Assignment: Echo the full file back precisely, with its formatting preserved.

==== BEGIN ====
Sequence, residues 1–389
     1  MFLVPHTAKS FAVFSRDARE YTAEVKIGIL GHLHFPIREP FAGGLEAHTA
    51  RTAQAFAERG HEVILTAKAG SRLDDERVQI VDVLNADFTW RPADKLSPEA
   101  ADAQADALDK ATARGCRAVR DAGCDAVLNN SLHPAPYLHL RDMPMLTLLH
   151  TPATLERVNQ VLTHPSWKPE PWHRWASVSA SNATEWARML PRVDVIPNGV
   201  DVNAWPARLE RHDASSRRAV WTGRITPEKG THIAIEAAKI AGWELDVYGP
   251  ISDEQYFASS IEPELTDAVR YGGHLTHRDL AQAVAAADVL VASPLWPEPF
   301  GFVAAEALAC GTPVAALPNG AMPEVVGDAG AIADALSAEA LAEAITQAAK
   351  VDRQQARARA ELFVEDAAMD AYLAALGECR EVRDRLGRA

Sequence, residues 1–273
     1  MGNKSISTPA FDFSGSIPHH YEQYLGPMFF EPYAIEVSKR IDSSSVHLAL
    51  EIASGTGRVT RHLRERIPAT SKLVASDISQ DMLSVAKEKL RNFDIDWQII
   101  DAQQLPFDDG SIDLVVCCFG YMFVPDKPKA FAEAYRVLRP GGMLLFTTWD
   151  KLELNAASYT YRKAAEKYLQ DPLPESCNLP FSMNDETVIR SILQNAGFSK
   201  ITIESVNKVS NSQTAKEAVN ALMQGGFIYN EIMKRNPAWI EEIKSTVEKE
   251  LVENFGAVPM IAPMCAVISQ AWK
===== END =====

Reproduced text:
Sequence, residues 1–389
     1  MFLVPHTAKS FAVFSRDARE YTAEVKIGIL GHLHFPIREP FAGGLEAHTA
    51  RTAQAFAERG HEVILTAKAG SRLDDERVQI VDVLNADFTW RPADKLSPEA
   101  ADAQADALDK ATARGCRAVR DAGCDAVLNN SLHPAPYLHL RDMPMLTLLH
   151  TPATLERVNQ VLTHPSWKPE PWHRWASVSA SNATEWARML PRVDVIPNGV
   201  DVNAWPARLE RHDASSRRAV WTGRITPEKG THIAIEAAKI AGWELDVYGP
   251  ISDEQYFASS IEPELTDAVR YGGHLTHRDL AQAVAAADVL VASPLWPEPF
   301  GFVAAEALAC GTPVAALPNG AMPEVVGDAG AIADALSAEA LAEAITQAAK
   351  VDRQQARARA ELFVEDAAMD AYLAALGECR EVRDRLGRA

Sequence, residues 1–273
     1  MGNKSISTPA FDFSGSIPHH YEQYLGPMFF EPYAIEVSKR IDSSSVHLAL
    51  EIASGTGRVT RHLRERIPAT SKLVASDISQ DMLSVAKEKL RNFDIDWQII
   101  DAQQLPFDDG SIDLVVCCFG YMFVPDKPKA FAEAYRVLRP GGMLLFTTWD
   151  KLELNAASYT YRKAAEKYLQ DPLPESCNLP FSMNDETVIR SILQNAGFSK
   201  ITIESVNKVS NSQTAKEAVN ALMQGGFIYN EIMKRNPAWI EEIKSTVEKE
   251  LVENFGAVPM IAPMCAVISQ AWK